As genealogists, one of the first things we learn is that you must be prepared to find anything in your family. There are people who may stir up controversy. Some family members may view their actions with disapproval, while others may be perfectly fine. Some ancestors may be criminals of one level or another. But how do you deal with ancestors when the name is Goering, or Himmler, or Hoess.
The Holocaust was the worst mass murder in human history. Millions of people were killed. Jews, Slavs, Poles, Gays, Romani, Freemasons, Trade Unionists, Communists, Socialists, and more, were all the targets of Hitler and his inner circle. While these victims are well-known, there are lesser-known innocent victims. These are the children, grandchildren, and other descendants of Hitler’s inner circle and other prominent Nazis. Men who were in charge of the implementation of the Final Solution.
Some of these grew up with a surname that is indelibly linked to horror and murder. Many of them grew up with no idea of their connection to such atrocities. Only after coming to adulthood and questioning what they were told did they discover the horrific deeds of their family.
“More than sixty years after World War II, a small group of German men and women are coming to grips with crimes of their fathers, uncles, and grandfathers, all in the name of building a “brighter future for their children.” Adolf Hitler had no children, and the Goebbels children died in Hitler’s bunker with their parents. But what about the families of Göering and Himmler and Hans Frank? How do their descendants deal with the legacy left to them by their parents? What about the children who still remember whispered conversations between their parents, and, in some instances, still remember a pat on the head from the Führer himself?”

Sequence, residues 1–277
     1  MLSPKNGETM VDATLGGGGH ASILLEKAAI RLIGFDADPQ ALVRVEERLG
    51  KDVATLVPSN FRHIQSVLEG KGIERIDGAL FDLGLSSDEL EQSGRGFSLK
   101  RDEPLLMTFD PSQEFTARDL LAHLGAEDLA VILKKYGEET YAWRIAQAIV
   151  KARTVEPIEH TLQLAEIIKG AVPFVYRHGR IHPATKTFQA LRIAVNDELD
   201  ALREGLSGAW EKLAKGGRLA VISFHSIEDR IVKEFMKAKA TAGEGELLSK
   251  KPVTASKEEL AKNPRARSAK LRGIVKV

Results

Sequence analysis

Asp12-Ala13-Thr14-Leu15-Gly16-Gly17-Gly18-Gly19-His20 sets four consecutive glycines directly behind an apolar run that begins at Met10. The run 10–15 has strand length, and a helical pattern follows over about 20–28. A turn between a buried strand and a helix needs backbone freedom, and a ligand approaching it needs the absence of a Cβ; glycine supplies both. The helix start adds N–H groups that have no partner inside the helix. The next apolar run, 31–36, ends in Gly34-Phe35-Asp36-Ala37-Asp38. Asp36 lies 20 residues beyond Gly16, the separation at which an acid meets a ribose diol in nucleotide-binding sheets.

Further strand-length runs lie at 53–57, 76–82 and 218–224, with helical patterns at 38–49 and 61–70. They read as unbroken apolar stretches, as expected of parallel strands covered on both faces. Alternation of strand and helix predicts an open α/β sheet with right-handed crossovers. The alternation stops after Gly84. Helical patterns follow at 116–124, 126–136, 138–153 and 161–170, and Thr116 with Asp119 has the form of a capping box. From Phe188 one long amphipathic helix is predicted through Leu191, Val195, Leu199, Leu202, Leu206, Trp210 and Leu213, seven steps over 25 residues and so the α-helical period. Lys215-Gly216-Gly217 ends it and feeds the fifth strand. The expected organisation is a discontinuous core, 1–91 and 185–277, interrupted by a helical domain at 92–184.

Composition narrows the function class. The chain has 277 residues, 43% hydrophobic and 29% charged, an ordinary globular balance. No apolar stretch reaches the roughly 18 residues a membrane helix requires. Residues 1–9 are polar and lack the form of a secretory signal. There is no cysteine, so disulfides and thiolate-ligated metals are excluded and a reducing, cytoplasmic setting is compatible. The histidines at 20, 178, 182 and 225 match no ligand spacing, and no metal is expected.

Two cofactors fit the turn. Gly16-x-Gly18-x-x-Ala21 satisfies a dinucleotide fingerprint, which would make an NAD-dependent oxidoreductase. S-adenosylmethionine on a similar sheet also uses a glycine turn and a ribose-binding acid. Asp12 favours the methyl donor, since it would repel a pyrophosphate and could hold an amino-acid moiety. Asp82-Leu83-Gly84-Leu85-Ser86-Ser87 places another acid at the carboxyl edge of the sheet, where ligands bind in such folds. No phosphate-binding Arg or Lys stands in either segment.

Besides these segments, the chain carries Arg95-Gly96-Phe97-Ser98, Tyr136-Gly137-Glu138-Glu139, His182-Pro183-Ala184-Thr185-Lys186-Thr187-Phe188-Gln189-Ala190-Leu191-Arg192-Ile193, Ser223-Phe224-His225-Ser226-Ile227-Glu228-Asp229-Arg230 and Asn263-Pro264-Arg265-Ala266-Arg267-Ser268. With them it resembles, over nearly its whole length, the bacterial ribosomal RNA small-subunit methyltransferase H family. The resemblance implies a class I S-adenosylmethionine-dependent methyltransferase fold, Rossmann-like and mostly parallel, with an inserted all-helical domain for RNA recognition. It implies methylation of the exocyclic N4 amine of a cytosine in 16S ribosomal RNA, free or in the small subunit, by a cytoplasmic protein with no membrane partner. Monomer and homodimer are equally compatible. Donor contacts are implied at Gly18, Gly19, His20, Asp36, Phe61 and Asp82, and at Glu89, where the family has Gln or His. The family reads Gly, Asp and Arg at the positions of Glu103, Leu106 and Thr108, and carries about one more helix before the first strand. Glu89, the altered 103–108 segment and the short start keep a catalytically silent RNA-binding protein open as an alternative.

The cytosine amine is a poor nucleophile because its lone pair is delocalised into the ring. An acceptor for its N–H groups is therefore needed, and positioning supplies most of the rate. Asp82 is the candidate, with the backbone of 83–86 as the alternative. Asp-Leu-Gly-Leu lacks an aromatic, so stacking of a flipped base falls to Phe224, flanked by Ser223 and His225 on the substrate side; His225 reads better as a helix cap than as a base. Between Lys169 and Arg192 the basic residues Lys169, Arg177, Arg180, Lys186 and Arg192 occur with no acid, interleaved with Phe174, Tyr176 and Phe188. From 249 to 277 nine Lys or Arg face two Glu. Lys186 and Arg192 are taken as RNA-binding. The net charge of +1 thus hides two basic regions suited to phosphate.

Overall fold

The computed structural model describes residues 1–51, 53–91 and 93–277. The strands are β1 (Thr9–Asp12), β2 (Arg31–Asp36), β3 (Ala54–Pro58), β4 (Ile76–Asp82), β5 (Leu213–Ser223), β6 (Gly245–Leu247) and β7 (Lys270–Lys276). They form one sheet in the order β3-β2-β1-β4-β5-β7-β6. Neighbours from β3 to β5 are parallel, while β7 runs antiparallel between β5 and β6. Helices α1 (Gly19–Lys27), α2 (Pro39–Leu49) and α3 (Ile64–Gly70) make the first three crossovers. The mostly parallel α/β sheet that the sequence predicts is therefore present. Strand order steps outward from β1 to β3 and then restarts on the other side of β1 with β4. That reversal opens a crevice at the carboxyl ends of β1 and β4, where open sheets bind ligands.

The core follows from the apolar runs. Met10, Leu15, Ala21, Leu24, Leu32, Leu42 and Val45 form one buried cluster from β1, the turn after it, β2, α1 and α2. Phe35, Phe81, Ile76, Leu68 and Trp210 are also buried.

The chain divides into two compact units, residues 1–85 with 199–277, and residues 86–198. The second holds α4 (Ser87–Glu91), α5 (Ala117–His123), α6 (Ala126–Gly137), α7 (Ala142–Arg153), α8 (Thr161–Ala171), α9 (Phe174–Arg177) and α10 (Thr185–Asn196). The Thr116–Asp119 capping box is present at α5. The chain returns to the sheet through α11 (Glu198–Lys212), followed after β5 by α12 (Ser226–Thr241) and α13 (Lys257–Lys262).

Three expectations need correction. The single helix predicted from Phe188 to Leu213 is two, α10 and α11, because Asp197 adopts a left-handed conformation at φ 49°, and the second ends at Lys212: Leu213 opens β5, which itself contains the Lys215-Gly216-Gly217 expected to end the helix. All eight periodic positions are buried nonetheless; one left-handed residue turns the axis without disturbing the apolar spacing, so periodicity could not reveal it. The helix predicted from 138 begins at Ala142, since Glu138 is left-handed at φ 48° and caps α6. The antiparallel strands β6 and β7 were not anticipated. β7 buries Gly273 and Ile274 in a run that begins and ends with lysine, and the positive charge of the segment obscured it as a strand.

Israelie director and producer Chanoch Ze’evi is a descendant of Holocaust survivors. He has created a documentary about the family members of Hitler’s inner circle, and how they deal with the legacy of evil. Hitler’s Children is a powerful exploration of these people and how they deal with their heritage on a daily basis. Katrin Himmler, for example, grandniece of Heinrich Himmler, married an Israeli man who is the son of a Holocaust survivor. Subscribers to Time magazine can read a recent story about her from the November 26, 2012, issue online.
The movie has been playing at film festivals around the world for more than a year. It was recently picked up for distribution in U.S. theaters in 2013-14. There is a powerful trailer for the movie on Vimeo. You can read more about the film at HitlersChildren.com. You can even of the film if you don’t want to wait for the theatrical release.
We all have things in our ancestry that can create personal turmoil for us. It is difficult not to judge our ancestors. But, quite frankly, watching even a bit of this film is enough to put things in perspective for me about my own family. At least I needn’t deal with being a descendant or close relative of one of Hitler’s circle. Hermann Goering’s grandniece and grandnephew went so far as to have themselves sterilized, to ensure that the line would not be carried forward. Can you imagine what it took to make such a decision?